As for materials that affect other neighbors — so, can I demand that whoever lives downstairs from me and always has his TV going full blast have his TV removed? You know, because it affects me. I’m sure someone would be excited to tell me, “You need to stop smoking meat and grain on your balcony, because the smoke affects other people — but the communal barbecue is at the foot of the fire escape, right below my apartment, and in the summer when it’s being used, the smoke comes up into the hall, and into my place. That affects me.
If I had a complaint, I would have voiced it to the people in our building doing the barbecuing — and I’m pretty sure, since nobody uses that fire escape, that nobody made any complaints about the grain drying there. (Well, except me, because of the fruit flies, and I expressed those directly to my worm-farming friend.)
So what we have is a case of a twit in an office who is bored and looking for something to do. Maybe it’s time to get that water analysis done that I’ve been thinking about. I’d be far from surprised if there were pollutants and toxins, given the reek of the chemical treatment plant nearby, which I mentioned, and the fact there is a workman in there, with the door open, far more often than would inspire faith in the quality of the plumbing. (And given what I’ve seen of how they handle plumbing on campus, what would shock me is the lack of a leak!)
Maybe this is a new leaf I’ve turned, or something: when dealing with clowns, don’t get pissed off1 — just treat them with the respect they deserve (none) and laugh at their ridiculous antics. It’s a game for them, so it might as well be game for you, too.
Yes, I think it’s time to get onto that water survey. Since I seem to have the worst water in the building, that should throw them for a loop. Hopefully we can find a Korean lab to do it, so they can explain just how far below safety standards the water is! Sounds like something to keep the adminiclowns busy, if not to use as leverage in some upcoming fight.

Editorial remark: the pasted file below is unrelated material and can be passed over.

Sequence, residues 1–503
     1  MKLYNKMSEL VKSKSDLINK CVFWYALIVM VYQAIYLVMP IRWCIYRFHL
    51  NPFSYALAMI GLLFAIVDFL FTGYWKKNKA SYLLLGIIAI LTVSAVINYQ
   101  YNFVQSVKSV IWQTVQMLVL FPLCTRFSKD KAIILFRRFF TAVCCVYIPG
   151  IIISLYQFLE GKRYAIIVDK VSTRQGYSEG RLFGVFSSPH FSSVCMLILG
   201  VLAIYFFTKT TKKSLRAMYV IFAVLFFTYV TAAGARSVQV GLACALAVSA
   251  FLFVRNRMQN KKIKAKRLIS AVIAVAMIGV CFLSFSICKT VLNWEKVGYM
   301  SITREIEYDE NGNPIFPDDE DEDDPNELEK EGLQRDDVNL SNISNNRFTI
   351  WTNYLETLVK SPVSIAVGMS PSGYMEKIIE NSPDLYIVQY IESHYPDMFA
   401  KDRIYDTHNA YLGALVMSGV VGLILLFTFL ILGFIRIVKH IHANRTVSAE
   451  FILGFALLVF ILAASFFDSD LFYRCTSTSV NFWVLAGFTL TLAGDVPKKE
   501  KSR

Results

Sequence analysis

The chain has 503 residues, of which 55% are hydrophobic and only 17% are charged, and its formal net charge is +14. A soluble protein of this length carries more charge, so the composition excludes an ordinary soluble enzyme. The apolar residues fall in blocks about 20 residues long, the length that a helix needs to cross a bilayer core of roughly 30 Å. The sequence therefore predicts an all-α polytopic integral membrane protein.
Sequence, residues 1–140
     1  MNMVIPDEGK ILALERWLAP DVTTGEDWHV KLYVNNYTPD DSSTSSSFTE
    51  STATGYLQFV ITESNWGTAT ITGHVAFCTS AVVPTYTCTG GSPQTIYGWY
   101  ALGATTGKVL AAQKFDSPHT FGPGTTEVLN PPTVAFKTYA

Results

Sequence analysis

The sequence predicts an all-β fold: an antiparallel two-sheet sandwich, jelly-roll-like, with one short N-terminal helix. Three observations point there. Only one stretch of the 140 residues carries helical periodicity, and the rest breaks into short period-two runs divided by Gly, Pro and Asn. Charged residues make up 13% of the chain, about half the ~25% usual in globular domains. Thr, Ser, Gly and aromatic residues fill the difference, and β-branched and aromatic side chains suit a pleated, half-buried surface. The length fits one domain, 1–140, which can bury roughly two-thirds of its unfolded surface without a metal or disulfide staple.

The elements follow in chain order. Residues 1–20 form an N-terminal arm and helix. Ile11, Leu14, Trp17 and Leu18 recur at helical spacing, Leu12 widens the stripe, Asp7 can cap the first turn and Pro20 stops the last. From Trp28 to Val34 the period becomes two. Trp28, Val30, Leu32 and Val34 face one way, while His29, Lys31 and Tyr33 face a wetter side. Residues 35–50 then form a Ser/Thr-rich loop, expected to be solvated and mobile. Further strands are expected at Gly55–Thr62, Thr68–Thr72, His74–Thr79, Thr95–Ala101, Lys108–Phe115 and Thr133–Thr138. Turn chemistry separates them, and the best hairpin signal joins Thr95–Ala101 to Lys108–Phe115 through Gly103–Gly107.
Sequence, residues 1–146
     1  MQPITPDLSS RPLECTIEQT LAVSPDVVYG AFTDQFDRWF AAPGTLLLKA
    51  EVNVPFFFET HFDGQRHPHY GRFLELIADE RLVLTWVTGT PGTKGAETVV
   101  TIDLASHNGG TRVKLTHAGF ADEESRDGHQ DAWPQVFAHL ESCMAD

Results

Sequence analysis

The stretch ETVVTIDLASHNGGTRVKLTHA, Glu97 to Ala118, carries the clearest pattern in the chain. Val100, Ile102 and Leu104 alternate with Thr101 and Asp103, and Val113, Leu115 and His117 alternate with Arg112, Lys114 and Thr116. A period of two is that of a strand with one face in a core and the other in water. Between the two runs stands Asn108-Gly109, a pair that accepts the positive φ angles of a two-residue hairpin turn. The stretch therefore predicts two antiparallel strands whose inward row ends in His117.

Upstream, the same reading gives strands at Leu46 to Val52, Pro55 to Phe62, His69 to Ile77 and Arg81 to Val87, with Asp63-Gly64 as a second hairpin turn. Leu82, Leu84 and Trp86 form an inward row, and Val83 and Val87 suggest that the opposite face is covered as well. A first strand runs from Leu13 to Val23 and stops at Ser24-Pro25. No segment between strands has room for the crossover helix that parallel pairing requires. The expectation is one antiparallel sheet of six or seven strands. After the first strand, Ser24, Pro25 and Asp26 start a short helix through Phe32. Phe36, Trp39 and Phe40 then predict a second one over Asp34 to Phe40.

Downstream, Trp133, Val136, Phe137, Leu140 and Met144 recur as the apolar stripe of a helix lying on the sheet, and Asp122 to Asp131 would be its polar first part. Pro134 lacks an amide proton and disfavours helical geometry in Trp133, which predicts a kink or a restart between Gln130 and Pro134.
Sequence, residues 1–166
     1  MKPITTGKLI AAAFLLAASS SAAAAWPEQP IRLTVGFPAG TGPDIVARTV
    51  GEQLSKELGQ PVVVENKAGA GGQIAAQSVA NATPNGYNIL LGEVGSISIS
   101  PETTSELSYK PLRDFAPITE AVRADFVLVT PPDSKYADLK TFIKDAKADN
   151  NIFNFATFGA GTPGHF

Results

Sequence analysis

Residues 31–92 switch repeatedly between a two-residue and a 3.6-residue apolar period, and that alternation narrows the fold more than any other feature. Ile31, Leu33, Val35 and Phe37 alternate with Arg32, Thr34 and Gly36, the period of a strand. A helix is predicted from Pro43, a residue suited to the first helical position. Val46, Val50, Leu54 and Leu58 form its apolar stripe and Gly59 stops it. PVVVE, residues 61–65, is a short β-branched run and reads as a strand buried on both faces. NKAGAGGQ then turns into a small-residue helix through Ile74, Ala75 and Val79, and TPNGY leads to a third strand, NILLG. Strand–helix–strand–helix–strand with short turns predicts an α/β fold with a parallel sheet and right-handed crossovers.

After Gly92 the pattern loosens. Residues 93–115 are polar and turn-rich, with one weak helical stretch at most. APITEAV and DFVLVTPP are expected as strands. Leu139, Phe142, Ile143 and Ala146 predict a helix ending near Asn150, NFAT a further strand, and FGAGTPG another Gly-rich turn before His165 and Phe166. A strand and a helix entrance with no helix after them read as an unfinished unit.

Ah, and I’ve decided I will be getting a new desk from the facilities office. I’ve made do with a tiny, cramped little desk for years now, but have just realized every professor on my floor — including people who have just started at the uni, but even including foreign profs who have just started at the uni — has a proper desk, and that it’s easier to do work in the office with one. where you can spread out your work.
That should be a fun argument to have. I’ve asked enough times through the secretary, and now it’s time to get the head of my department in on it. I’ll ask nicely at first, but, if they still refuse, then it’s no office hours, no exams, no grading, and no class preparation until I get one.
1. Caveat: not getting angry is wise until they really cross the line, like coming into your home without knocking. This has happened to me, and when it happens, you need to make sure they know it’s not acceptable, and you’re mad as hell. But it’s better to do that in front of their superiors, so that they get shamed into behaving in a civilized manner next time.